It's 1896. Yankel Bogovnik, a Russian Jew, emigrated to the United States three years earlier and has settled where many of his background have, namely on Hester Street on the Lower East ...
See full summary »
Charles is a Salt Lake City civil servant who loves (*LOVES*) Laura, a lovely housewife with a lovely step-daughter and an A-frame-selling, ex-quarterback husband named Ox. His roommate is ... See full summary »
Brazil 1821. A rich cattle herder finds out that his wife dies in labor. Forced to live in the property with numerous African slaves, he marries his wife's niece. But he returns to droving, leaving his wife behind alone with the slaves.
It's 1896. Yankel Bogovnik, a Russian Jew, emigrated to the United States three years earlier and has settled where many of his background have, namely on Hester Street on the Lower East Side of New York City. He has assimilated to American life, having learned English, anglicized his name to Jake, and shaved off his beard. He is working at a $12/week job as a seamster, the money earned to be able to bring his wife Gitl and his son Yossele to America from Russia. Regardless, he has fallen in love with another woman, a dancer named Mamie Fein. Nonetheless, he is excited when he learns that Gitl and Yossele are indeed coming to America. His happiness at their arrival is dampened when he sees that Gitl is not "American" looking like Mamie and has troubles assimilating as quickly as he would like. Except to Mamie, he tries to show a public façade that everything is fine at home with Gitl. But can their marriage survive these differences, and if not, will Gitl be able to manage in this new...Written by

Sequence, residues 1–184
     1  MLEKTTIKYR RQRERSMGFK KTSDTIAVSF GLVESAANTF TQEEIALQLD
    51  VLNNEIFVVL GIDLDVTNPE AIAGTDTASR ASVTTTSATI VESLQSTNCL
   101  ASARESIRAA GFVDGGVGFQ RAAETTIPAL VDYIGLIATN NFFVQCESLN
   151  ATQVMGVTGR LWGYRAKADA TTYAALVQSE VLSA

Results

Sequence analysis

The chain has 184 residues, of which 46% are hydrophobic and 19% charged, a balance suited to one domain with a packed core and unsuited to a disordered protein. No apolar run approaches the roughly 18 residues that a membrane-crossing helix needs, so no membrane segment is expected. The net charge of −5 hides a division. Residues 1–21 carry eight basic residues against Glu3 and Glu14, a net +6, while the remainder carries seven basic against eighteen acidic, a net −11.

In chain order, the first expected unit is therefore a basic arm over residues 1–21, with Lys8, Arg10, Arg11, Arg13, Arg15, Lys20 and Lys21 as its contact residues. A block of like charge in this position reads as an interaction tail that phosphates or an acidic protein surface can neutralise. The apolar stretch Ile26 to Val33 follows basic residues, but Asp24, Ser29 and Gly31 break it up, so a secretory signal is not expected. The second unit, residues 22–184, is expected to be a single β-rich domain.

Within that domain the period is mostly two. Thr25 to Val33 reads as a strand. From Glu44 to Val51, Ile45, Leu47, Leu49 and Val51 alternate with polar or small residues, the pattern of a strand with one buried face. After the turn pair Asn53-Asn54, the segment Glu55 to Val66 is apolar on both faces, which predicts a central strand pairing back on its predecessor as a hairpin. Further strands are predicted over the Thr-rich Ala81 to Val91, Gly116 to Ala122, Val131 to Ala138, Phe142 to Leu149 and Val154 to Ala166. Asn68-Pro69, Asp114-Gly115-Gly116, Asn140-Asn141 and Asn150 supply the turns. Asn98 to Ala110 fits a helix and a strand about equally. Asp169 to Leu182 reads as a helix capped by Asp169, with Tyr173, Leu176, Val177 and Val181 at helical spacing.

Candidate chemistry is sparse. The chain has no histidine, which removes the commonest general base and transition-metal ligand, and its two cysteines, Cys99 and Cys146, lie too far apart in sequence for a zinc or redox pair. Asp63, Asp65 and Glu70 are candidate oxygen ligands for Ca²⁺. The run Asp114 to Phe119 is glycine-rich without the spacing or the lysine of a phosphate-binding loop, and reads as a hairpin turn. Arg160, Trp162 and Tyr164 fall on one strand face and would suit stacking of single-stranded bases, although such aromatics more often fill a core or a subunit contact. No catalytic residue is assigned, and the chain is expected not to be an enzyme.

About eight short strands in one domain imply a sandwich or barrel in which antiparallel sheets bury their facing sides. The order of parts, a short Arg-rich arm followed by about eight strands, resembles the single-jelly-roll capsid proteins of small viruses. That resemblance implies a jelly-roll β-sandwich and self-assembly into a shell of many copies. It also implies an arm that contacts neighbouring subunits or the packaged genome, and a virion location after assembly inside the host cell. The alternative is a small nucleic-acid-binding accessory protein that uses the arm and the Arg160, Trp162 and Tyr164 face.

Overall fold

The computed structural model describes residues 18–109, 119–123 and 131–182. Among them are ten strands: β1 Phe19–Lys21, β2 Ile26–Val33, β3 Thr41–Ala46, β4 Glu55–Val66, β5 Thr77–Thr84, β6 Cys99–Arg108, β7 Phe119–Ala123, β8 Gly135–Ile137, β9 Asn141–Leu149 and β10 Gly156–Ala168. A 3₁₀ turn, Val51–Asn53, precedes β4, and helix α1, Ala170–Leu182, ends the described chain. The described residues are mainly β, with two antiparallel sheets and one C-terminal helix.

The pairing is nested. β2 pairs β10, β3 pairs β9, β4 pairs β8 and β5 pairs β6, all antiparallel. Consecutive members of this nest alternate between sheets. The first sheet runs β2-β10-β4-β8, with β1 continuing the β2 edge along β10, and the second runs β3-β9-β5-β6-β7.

Early scene at table with Gitl, her husband, son and boarder, one can see the mic in the upper right-hand corner. See more »
[on his mistress Mamie]
Uh... she used to work in my shop. She's looking for a job, that's all.
The way she looked, I thought she was nobility.
Gitl, stop being a greenhorn. In America, anyone can dress like that!
See more »
Around 1975 I saw this movie with my mother and aunt, born in 1902 and 1903 respectively. They watched it as if it were a replay of a life that they had known, having come to this country just about the time of the characters on the screen.
My mother soon descended into the long goodbye of Alzheimers disease. So this is a memory I especially value. My Aunt, kenehora, is still with us.
They discussed it mater of factly, not so much as a work of art, but a documentary. I can think of no greater compliment to all who were involved in creating this very special film.
20 of 22 people found this review helpful.
Was this review helpful to you?
| Report this